(Excerpts from the homily of Bishop Pablo Virgilio David during the “Fullness in Christ” weekend of the CFC Mission Core at the Subic Exhibition and Convention Center last January 29-31.) “FULLNESS of life in Christ.” What a beautiful theme you have adopted for this assembly, this coming together, this retreat. How can you not be full of life if you live in Christ? To live in Christ is to enjoy fullness of life. It reminds me of the message of the angel Gabriel to the Blessed Virgin Mary at the Annunciation – “Hail, full of grace, the Lord is with you…” How can you not be full of grace if the Lord is with you? To be full of grace is to be with the Lord. It is to live a life in which the Lord is with us. We read from the continuation of that beautiful passage in the Gospel of St. Luke, chapter 4, which is usually called the programmatic introduction to the Gospel of Luke. This is the continuation of last week’s reading about Jesus standing there in the synagogue of Nazareth and being asked to share his own reflection on the book of the prophet Isaiah. He shares a very short homily, in fact, the shortest homily ever delivered. Jesus read a long passage from Isaiah chapter 61: “The Spirit of the Lord is upon me, because he has anointed me to bring glad tidings to the poor, to proclaim liberty to captives, recovery of sight to the blind, release to prisoners, and a year of favor to the Lord.” Then rolling down the scroll, Jesus looked at them, gave the scroll to the attendant, and then he gave a very, very short homily. He said, “Today, this Scripture passage is fulfilled in your hearing.” I’d like to share basically three things. The first one is about the message, or the homily, the second is about the reaction of the people to the message and the third is the response of Jesus to the reaction of the people to his message. And hopefully, our reflection will lead us more deeply into the meaning of living a full life in Jesus Christ. Let’s start with the message. The message is simple: Today, now, while you’re hearing it, this Scripture passage is fulfilled in your hearing. Jesus did not say, “Tomorrow it will be fulfilled.” We’re always looking forward to a fulfillment, the fulfillment of the kingdom of God in the future. But take note of the message of Jesus. He did not say “tomorrow.” He said “Today!” Jesus is a Today person. Jesus is a Now person. He challenges us to take the here and now seriously. Because one of our big problems in this world is when we either develop into Yesterday people or Tomorrow people. Who are the Yesterday people? The yesterday people are people who get stuck in the past. I know that the past is not negative. It should be positive. It is important to look back to the past. It is but unfortunate that some people, because of some blunders or mistakes or failures or traumatic experiences of the past, cannot move on anymore. They’re paralyzed. Those are the yesterday people. It’s like life stopped yesterday. But Jesus challenges the yesterday people to move on “Carpe diem,” as they say in Latin. Seize the moment! Seize the day! Jesus took very seriously the present moment. That’s the summary of his message. Today. Now. Let’s move now to the reaction. The people were impressed. They were amazed because grace was overflowing from him. “All spoke highly of him and were amazed at the gracious words that came from his mouth.” His words were gracious because this human being (he looked every bit a human being to them because he was a real human being), when he opened his mouth, gracious words came out of him because they heard God. A human being was many vocabularies for “love?” The passionate love is called “eros.” The romantic love is called “philia.” But there is a greater kind of love which is called “agape.” Jesus was teaching us to love in the way of agape. We heard that in the Second Reading, in the first letter of Paul to the Corinthians, chapter 13, and the word that Paul is using is not “eros,” not “philia” but “agape.” What’s the difference? Husbands here present, do you love your wife? Good! Very good! And I know, and I hope, you love your wife in the sense of eros. You love your wife also in the sense of philia. But do you already love your wife in the sense of agape? It can also be asked the other way around. Wives, how do you love your husband? How do you know that your love is moving towards agape and that it is no longer eros or philia? This is the sign… If in spite of his treachery, in spite of his faults and shortcomings, in spite of his mistakes, you still love him,,, that is agape! You know the Latin word for that. The Latin word for that is “caritas.” In English, charity! But kidding aside, it is sad that the word “charity” has taken on a different meaning for us. I do not know how it happened – that the word “charity” has come to mean a token act of generosity to the poor. But believe you me, dear brothers and sisters, if our love must grow into the love of Christ, it must become charity, in the genuine sense of the word, because charity is the capacity to love even those who do not love you back. The Gospel of Luke says “If you love only those who love you, what good is there in that? Even the sinners do as much. And if you can do good only to those who can do good to you, what merit do you get in that? Love your enemies, do good to those who hate you, pray for those who persecute you.” You can choose to love by understanding, you can choose to love by accepting, you can choose to love by forgiving. That is all love. The beginning of humanity is love. The seed of humanity is love. The only reason why we must come into being is love. But love must grow. And this is now the response of Jesus to them. Jesus does not expect us to know how to love like him. He does not expect us to know how to love like God immediately. He knows that much of our love begins from the smallest, the lowest level of loving. But that’s okay. It can grow. And if we want to live in the fullness of life in Christ, we must, day in and day out, day by day, ask ourselves, “Are we growing in love?” And I advise you to take home with you the first letter of Paul to the Corinthians. There you have all the indicators if you are growing indeed in the love of Christ. He said “Love is patient. Love is kind. Love is not jealous. It is not arrogant. It is not inflated. It is not rude. It is not self-seeking. It is not quick-tempered. It does not brood over the wrong; rather it rejoices over the right. Love can bear all things, believe all things, hope all things and do all things.” Do we love like that already? Well, we’re trying. That is what matters most. The important thing is to believe that we can love in Jesus Christ. Let me stress that as my conclusion. If you love only in yourself, you will see that you will keep falling back to eros, falling back to imperfect love, falling back to conditional love, because that is what we are as human beings. But the good news is, as Paul says in his letter to the Romans, “there is now no condemnation for those who live in Christ Jesus because the spirit, the spirit of that new life in Christ Jesus, has already surpassed the old law of sin and death.” Now we can love, but love in Christ. To love in Christ is to love in the way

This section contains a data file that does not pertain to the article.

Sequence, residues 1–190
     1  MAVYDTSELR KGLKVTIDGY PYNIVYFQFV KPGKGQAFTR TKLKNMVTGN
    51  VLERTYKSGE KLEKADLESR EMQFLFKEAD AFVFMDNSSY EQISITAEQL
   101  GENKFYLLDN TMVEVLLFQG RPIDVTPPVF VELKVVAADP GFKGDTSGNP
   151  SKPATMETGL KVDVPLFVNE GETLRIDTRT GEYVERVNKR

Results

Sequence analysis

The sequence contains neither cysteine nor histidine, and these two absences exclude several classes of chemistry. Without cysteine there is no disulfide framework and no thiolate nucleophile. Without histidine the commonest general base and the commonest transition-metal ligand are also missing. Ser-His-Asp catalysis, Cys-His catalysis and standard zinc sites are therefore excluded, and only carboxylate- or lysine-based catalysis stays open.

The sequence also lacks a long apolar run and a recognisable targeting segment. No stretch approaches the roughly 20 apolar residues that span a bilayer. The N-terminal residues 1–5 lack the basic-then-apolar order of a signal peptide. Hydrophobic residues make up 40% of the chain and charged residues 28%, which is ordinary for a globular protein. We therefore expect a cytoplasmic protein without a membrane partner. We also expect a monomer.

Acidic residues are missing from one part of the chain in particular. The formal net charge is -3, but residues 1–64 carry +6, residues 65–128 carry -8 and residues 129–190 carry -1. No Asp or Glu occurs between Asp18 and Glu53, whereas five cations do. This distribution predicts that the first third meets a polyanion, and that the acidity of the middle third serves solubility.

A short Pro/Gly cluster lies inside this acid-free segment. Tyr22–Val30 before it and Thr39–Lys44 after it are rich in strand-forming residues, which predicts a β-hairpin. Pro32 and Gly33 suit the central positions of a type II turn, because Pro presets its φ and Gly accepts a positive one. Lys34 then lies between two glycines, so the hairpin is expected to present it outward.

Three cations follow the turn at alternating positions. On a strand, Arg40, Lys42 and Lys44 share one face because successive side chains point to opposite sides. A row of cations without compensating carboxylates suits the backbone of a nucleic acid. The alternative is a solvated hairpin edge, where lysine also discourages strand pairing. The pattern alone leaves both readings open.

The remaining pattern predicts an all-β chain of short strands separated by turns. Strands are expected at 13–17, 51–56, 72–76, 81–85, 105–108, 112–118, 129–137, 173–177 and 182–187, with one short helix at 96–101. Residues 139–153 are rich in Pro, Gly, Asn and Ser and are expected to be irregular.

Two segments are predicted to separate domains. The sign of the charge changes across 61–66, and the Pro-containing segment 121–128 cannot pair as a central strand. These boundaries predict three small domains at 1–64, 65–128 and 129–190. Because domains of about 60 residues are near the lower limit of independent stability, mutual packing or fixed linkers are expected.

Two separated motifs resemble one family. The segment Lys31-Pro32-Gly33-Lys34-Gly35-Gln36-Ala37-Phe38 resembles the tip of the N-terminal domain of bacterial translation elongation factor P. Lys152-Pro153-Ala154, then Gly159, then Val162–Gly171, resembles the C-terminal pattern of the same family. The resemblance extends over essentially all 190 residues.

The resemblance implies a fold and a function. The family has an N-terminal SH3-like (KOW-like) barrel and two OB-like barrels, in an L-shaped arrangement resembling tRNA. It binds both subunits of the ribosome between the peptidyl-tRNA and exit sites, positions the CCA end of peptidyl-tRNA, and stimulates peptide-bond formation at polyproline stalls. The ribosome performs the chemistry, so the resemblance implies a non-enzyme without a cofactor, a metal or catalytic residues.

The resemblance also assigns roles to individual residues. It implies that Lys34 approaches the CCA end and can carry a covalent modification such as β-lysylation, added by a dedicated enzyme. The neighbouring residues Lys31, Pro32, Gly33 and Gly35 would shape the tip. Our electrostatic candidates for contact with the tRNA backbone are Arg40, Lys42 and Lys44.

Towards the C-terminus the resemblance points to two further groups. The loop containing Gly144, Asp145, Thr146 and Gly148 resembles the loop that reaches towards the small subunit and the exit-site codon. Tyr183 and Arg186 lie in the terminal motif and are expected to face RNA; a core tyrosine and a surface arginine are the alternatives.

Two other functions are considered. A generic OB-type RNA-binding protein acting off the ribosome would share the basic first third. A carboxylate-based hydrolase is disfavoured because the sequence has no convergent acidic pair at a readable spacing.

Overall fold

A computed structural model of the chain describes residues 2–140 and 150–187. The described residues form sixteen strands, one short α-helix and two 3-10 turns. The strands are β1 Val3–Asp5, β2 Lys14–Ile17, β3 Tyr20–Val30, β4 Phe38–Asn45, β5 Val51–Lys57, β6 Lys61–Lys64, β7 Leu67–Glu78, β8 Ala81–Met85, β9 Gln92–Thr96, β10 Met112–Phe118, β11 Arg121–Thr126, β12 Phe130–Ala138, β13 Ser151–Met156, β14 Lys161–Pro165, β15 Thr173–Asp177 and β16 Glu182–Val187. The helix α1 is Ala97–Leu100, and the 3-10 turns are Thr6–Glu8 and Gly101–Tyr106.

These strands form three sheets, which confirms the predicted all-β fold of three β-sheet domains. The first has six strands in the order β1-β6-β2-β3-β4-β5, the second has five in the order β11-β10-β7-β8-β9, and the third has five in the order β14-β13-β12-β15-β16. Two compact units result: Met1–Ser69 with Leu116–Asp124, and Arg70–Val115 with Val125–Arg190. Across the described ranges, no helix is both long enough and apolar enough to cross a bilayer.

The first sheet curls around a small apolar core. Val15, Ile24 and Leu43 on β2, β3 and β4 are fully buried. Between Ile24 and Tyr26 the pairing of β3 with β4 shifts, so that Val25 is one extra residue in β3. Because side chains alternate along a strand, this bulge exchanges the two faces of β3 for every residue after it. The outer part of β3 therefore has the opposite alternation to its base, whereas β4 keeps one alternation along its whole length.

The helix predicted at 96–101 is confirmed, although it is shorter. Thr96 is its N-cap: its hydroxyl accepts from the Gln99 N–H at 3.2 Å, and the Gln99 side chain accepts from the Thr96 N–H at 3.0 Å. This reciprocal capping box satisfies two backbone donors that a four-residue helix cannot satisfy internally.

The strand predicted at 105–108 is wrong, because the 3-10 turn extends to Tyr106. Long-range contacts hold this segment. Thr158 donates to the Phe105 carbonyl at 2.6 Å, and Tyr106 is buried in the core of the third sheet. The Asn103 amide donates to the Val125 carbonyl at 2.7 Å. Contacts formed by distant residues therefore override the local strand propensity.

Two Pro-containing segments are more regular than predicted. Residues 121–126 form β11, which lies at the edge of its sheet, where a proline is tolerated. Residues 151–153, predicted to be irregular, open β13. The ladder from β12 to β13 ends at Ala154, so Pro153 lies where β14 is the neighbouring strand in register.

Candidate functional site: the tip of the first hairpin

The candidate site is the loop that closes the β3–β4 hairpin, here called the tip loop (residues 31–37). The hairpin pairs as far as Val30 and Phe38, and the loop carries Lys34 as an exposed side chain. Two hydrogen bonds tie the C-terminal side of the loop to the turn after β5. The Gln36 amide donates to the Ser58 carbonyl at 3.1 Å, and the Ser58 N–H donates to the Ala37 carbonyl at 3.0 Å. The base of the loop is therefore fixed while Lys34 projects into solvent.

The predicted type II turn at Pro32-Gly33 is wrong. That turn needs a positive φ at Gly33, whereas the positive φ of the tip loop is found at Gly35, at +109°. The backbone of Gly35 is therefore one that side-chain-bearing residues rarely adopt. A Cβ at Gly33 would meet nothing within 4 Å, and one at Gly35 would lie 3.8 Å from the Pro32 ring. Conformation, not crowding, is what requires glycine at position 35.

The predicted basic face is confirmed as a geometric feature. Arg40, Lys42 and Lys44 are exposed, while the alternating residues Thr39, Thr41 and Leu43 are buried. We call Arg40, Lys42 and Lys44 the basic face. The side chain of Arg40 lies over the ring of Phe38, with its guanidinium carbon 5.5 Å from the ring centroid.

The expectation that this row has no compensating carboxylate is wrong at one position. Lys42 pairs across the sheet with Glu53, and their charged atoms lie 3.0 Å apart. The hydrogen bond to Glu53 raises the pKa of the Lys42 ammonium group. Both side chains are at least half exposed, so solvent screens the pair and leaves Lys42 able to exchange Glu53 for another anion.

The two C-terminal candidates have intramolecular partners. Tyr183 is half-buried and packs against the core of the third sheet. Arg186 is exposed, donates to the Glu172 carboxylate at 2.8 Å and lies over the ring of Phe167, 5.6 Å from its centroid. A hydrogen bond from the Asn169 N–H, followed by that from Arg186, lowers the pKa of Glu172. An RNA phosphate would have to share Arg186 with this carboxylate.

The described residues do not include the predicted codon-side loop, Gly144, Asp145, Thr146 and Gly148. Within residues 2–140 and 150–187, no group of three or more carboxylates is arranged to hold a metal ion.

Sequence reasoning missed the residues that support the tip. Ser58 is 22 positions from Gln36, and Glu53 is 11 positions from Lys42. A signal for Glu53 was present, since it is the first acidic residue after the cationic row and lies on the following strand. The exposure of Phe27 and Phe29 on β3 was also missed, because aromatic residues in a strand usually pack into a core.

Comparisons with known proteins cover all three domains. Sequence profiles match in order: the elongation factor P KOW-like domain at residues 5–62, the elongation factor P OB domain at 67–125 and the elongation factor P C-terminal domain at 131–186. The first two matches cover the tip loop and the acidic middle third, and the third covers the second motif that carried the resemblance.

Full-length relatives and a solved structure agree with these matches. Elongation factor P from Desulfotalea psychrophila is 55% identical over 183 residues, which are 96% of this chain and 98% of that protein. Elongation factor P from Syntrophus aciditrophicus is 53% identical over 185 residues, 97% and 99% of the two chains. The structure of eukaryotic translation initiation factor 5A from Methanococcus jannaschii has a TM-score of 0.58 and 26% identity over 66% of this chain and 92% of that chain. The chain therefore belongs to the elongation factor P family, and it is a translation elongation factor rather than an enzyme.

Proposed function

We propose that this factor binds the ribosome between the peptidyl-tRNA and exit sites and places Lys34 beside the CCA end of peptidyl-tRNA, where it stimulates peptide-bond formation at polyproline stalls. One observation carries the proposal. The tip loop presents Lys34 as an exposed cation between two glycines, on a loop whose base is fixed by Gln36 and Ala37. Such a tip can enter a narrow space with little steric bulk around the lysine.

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Bishop Pablo David takes time to pose for photos with CFC members after the Mass.